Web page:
Wonder Farm is ten years old today! I hope you’ll indulge me in some reminiscing. And then maybe you’ll wish a happy birthday in the comments–I’m giving away books to bribe you!
I first hit publish on July 18, 2008. Like everyone, I want to be Soule Mama. I dabble in craft posts–a knitting project here, a cookie post there–but am not very good at it. My photos are ill-framed and blurry, taken with my daughter’s point-and-shoot. I write a couple of posts a week and feel it isn’t enough. My oldest goes to high school in the fall–the first time we aren’t all homeschooling. I record questions my youngest asks at six, like, “Is being an ice cream man a good job?” And, “Do ants have pupils?” And, “How did John McCain fight big tobacco?” A reader named Carrie googles the words waldorf and guilt and finds her way right here. (And will go on to leave over 100 comments over the years and will, nine years later, become my daily writing accountability buddy.) I share how an essay I’d written about a family trip to Spain has been rejected four times, having no idea that ten years later I will still be rewriting that essay. Upon hearing Obama’s election speech I write, “But the fact that we’ll have a president who can speak with eloquence thrills my mind. I’m delighted that we’ve elected a president who seems so, well, presidential,” once again having no idea what is to come. I set out on a Year of Excellent Essayists, studying the craft, recording favorite lines, Joan Didion’s The Year of Magical Thinking becoming a favorite book, even though it isn’t a collection of essays. I write a few posts about writing with my kids and discover that people are interested in what I have to say. I think I might write a book about it.
I put our homeschooling style into words that seem to resonate. My photos get better. Through the blog I meet Molly, who becomes a friend in real life. I am proclaimed a Master of Spunkiness. Since these are the days when search terms are not yet hidden from reports, I record some favorite searches that lead people to my blog, like wow she stunning and I don’t like Sandra Dodd and Where is Bon Jovi’s house and Pokemon satin evil little children. My favorite book of essays that fall is Michael Chabon’s Manhood for Amateurs. I write about my boys making a film together, and it seems so long ago now that it feels like a fairy tale. I begin to glimpse what an infomaniac my youngest is, and how destined I am to feel clueless around him. I write about my oldest turning eighteen and coming into his own as a filmmaker.
We leave leave that oldest kid at college in New York City, 3,000 miles from home. Meanwhile, kid #2 goes to high school. To distract myself, I start writing about taking dictation from kids. I write about more search engine terms that lead people to me, including troll mothering and pokemon ate patricia and do goblins attack fairy dishes? I have a dear-to-my-heart essay published about my girl and her dreams of singing, in a magazine now defunct, by a lovely mother-editor who has since passed away. I rant about the five-paragraph essay. Which leads me to spend months researching and writing a feature article about how writing education has become more and more formulaic in the the past fifteen years, only to have the article get roundly rejected. We take our youngest to China and I blog about it, though the post is so photo-heavy it doesn’t seem to load. I suck down Mary Karr’s Lit. I answer the question why homeschool? I write about hosting a history fair and the post manages, in the years since, to get pinned over 3,000 times. I’m still posting, for the most part, once a week.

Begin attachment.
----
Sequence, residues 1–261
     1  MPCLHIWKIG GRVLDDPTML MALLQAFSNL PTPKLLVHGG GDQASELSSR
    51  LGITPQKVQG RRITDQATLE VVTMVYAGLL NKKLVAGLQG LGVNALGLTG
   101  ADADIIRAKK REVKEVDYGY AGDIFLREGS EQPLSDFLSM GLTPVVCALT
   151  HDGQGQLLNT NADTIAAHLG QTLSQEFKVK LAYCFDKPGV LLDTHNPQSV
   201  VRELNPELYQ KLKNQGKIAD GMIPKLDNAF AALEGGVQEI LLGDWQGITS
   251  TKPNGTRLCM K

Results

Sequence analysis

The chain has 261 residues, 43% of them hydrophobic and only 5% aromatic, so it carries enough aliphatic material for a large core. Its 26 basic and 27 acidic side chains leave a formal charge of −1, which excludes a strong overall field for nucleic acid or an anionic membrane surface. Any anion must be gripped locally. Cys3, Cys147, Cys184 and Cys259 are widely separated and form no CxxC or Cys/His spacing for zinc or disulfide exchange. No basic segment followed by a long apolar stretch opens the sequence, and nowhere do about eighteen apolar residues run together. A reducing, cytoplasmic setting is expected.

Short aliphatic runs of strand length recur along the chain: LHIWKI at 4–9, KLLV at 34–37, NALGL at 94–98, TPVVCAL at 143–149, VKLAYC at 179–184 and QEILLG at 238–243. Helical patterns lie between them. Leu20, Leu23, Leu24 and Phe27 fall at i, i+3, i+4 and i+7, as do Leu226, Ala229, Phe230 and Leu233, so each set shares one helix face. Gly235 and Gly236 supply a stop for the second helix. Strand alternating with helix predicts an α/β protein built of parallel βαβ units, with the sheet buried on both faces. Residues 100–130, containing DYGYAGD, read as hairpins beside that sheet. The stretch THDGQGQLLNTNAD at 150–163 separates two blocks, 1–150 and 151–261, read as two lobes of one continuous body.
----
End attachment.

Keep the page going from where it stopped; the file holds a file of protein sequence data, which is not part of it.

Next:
I write about prefrontal cortexes, the fourth grade slump and writing in a post that still claims one of the weirdest titles despite being a personal favorite. The third kid at home, still homeschooling with me, digs into California history and we live like cooks and militia during the time of Russian settlement on the north coast, and like miners during the gold rush. I begin writing an awful lot about kids and writing–too many posts to link though you can find them here–and find that as I go deep into content, I post less often. I enjoy the book The Table Comes First: Family, France, and the Meaning of Food by Adam Gopnik. I write another post that morphs into an article called How Do Kids REALLY Learn to Write that is eventually viewed here a mind-boggling 25,612 times. The comments and dialogue on that post over the years make me very happy. I try to tell Seth Godin why he and other school reformers shouldn’t dismiss homeschooling and while he doesn’t pay attention, other people show up in the comments and we talk. Mr. T draws an infographic about Avengers characters and their interestingness and manages to attract the attention of the Data Artist in Residence at the New York Times, who makes his own stunning Avengers visualizations and gives inspiration credit to my kid.
Readers and I try a little experiment and manage to get my blog to show up on page one of a Google search for “homeschool writing.” (I’ve long since been demoted.) A favorite book is Verlyn Klinkenborg’s Several Short Sentences about Writing with its assertion that “most of what you think you know about writing is useless.” I take a chapter from the writing book for parents I’m working on, expand it, and self-publish a book on facilitating writer’s workshops. I’ve only sold a few hundred copies over the years, but have heard back from many enthusiastic workshop facilitators and that’s enough for me. I take my youngest to New York to act in the student film of my oldest and thrill, like in the old days, at watching two of my kids get creative together. I write a series on becoming a writing mentor to your child that takes a lot of time and continues on for months, even as my heart begins shifting away from writing a book on helping parents with kids’ writing. One fine Wednesday in April, a homeschooling co-op links to my How Do Kids REALLY Learn to Write post and Wonder Farm gets a whopping 1,888 views in a single day. Not that those visitors seem to stick around, but it’s fun while it lasts. My kid finally finishes his epic periodic table of Marvel characters. On Wonder Farm’s fifth anniversary I gush about my uncommonly wonderful readers and beg you to wish the blog a happy birthday. Sixty-four of you show up and make my day.